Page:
sweetsunray

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  1. BTW for those interested: I took a still of Eleanor's diary, because the voice-over does not read the complete 2 pages, and aside from one or two words deciphered the handwriting as follows: LEFT PAGE: “I have the strange feeling that never again will I see Woodes. Dreams come now, strange dreams all confound (?) with Spanish Armadas and Man O War, my Woodes sending a Galleon. How could that be possible. That he would done so to speak with an enemy, and such an enemy as Spain" RIGHT PAGE: "and Gov Raja who has a bloody vendetta to take care of with Woodes. [6] 1. I fear for my husband’s safety from men I’ve long called enemies, from men I once called friends. I will move heaven and earth to protect him. While playing this role, the limits of my influence are ever present” We only heard what follows after the [6]1, which I presume is a dating - 6th January [1716]. Now that part of her diary that was not voiced over is extremely interesting. Mrs. Hudson said it was the 24th the morning of 4x03, which is the same day that the pirates took Nassau town, and Eleanor fled to the Fort in 4x04, made her deal and Woodes sailed off in 4x05. So, the dream write-up surpassed the 12 crazy days after Christmas (12th night and the world order being on its head). And she's been having dreams about the Spanish coming and Woodes being with them. Eleanor had a deep enough connection to have informative dreams across time and space about Woodes and what was coming to the island, and she knew enough about the Manila Galeon story from Woodes to know that Raja had personal reasons to see Woodes dead.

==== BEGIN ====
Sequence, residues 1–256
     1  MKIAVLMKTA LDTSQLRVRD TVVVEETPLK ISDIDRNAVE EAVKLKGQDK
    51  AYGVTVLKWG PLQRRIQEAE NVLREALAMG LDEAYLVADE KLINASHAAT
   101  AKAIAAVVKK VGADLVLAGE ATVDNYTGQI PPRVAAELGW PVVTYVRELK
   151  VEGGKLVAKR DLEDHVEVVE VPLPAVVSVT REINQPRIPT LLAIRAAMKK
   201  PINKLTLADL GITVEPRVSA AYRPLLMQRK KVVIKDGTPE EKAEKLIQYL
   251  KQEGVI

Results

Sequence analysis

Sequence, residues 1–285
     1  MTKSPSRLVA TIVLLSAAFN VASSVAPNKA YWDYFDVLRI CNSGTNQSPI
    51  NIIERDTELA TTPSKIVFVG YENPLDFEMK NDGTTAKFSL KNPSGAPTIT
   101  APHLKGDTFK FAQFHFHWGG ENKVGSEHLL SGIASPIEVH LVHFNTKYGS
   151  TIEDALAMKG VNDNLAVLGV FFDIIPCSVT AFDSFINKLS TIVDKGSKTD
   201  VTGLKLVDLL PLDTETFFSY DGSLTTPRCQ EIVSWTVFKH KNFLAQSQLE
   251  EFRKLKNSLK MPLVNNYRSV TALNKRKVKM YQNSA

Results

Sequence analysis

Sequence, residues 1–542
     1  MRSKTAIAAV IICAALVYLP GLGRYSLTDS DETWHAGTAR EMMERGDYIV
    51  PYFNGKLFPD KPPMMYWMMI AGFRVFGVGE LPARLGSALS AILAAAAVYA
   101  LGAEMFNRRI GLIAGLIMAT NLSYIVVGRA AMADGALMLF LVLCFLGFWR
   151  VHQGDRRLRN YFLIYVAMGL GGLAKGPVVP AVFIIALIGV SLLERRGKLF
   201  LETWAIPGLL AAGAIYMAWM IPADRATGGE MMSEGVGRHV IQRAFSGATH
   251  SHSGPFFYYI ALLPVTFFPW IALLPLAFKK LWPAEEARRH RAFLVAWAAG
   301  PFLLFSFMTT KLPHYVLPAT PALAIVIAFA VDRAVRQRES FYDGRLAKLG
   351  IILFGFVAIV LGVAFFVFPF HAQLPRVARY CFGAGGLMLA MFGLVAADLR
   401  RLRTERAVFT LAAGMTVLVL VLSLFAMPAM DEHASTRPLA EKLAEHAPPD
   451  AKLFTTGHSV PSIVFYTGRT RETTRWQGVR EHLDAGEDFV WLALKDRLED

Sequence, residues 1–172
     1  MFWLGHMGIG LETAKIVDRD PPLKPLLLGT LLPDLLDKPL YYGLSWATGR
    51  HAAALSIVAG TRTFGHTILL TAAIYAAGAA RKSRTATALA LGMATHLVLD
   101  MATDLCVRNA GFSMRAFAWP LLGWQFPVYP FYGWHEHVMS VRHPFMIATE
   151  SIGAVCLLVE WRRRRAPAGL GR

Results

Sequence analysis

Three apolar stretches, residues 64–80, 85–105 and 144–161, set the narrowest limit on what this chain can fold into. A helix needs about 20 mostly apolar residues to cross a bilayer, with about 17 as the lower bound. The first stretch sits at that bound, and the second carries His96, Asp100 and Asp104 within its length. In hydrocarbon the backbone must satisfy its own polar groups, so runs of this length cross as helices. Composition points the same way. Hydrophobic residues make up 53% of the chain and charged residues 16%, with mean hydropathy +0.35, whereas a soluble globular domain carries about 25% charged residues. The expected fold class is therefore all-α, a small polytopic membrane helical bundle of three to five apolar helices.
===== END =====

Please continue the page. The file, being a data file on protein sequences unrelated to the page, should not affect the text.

2. BTW that intro scene with Woodes galopping the island at night seemed a shout-out to Dick Turpin All we lacked was the intro music of Dick Turpin on that mad dash on a horse with scarf for a mask at night. Also noticed that De Groot called Woodes' ship the Eurydice, aka Orpheus's wife that Orpheus tries to retrieve from the underworld, but fails to do so (because he looks back before she's out) and only can be reunited with in death again. And there was this zoom in on his face when Billy talks how Flint killed Gates over a little bit of money (cough cough the Urca Gold as "little bit of money" ) and how if partners can be so easily separated they had no connection to begin with. That were painful words that Woodes does not want to believe. Eleanor's diary though talks about "moving heaven and earth". So, with the Orphic hint and Eleanor's words we are seeing a connection beyond the grave. This episode showed what a master liar and manipulator Flint has become. He had me beleive him almost when he talked about Madi in that way. But at his next opportunity he seeks Dooley as new partner to ditch Silver, because Silver's coming up with his own plans and not following Flint's orders anymore. Honestly, I love Toby Stephens' acting, but am so done with Flint since S3. Eleanor was definitely wrong when she believed Flint could be reasoned with. I hope Silver delivers him to Thomas Hamilton who'll not want to have anything to do with the man James McGraw has become. Still believe we're seeing Max's swan song, and Grandma Guthrie will be the one to do it. But she seems to may redeem herself in sacrificing herself for Anne's ake. I suspected Mrs. Mapleton might have been Grandma's agent. No confirmation on that yet, but I was right about expecting her to appear in 4x08.
  3. Was it? I'll have to look again. I thought it was the axe, because he used it on Jacob, who was killed by it. But it would explain it. Strange though: he fights Jacob with grappling axe and cutlass/hammer, but then hammer and cutlass against Billy? Why did he change weapons?